The Gradience of Multilingualism in Typical and Impaired Language Development: Positioning Bilectalism within Comparative Bilingualism
AuthorGrohmann, Kleanthes K.
SourceFrontiers in psychology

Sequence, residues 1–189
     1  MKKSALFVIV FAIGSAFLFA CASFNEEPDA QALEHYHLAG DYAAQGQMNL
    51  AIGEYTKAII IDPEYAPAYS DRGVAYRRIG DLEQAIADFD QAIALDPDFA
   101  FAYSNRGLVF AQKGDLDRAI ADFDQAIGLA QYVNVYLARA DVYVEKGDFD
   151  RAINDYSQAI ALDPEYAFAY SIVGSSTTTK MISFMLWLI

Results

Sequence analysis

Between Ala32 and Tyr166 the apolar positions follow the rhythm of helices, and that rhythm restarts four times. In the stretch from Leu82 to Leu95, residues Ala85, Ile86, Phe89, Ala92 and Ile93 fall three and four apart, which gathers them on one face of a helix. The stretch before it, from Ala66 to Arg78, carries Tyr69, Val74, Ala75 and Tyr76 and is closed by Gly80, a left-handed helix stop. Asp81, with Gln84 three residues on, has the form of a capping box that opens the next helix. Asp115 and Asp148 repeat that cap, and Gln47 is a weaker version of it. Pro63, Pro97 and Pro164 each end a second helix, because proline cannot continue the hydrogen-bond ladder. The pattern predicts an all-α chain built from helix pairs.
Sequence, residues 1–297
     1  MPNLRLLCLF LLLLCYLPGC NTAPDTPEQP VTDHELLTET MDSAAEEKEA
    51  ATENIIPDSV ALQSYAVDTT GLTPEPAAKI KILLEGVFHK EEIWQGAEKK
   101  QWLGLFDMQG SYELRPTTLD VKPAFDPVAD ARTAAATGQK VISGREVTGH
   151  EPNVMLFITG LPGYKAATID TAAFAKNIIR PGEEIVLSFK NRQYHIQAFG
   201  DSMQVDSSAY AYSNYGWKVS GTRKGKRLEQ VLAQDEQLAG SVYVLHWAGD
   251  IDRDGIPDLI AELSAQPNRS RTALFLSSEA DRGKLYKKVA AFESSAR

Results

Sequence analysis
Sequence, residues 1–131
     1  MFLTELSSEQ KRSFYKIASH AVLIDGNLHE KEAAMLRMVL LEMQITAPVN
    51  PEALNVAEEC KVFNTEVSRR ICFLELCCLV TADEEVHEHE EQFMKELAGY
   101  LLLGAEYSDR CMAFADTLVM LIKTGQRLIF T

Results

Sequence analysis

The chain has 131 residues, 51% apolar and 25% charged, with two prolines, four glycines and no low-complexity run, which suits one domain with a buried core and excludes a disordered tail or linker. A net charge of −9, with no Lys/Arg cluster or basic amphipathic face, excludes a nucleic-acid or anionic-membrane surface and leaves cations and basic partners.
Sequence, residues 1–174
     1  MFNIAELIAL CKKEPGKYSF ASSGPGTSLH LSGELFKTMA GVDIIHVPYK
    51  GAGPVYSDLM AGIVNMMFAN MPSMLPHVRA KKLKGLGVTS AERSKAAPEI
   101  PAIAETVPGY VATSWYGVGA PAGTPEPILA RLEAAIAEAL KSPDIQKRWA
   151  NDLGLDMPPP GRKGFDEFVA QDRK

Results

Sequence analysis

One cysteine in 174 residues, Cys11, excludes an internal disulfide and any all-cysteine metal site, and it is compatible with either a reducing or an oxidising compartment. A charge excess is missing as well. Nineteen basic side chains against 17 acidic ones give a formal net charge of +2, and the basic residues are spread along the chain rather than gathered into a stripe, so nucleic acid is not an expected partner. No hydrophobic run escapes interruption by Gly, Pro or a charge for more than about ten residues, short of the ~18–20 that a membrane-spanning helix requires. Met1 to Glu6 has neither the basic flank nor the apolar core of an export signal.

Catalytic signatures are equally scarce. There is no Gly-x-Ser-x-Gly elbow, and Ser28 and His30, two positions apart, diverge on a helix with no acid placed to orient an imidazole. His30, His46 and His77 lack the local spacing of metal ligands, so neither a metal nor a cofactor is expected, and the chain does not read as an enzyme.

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A multitude of factors characterizes bi- and multilingual compared to monolingual language acquisition. Two of the most prominent viewpoints have recently been put in perspective and enriched by a third (Tsimpli, 2014): age of onset of children's exposure to their native languages, the role of the input they receive, and the timing in monolingual first language development of the phenomena examined in bi- and multilingual children's performance. This article picks up a fourth potential factor (Grohmann, 2014b): language proximity, that is, the closeness between the two or more grammars a multilingual child acquires. It is a first attempt to flesh out the proposed gradient scale of multilingualism within the approach dubbed "comparative bilingualism." The empirical part of this project comes from three types of research: (i) the acquisition and subsequent development of pronominal object clitic placement in two closely related varieties of Greek by bilectal, binational, bilingual, and multilingual children(ii) the performance on executive control tasks by monolingual, bilectal, and bi- or multilingual childrenand (iii) the role of comparative bilingualism in children with a developmental language impairment for both the diagnosis and subsequent treatment as well as the possible avoidance or weakening of how language impairment presents.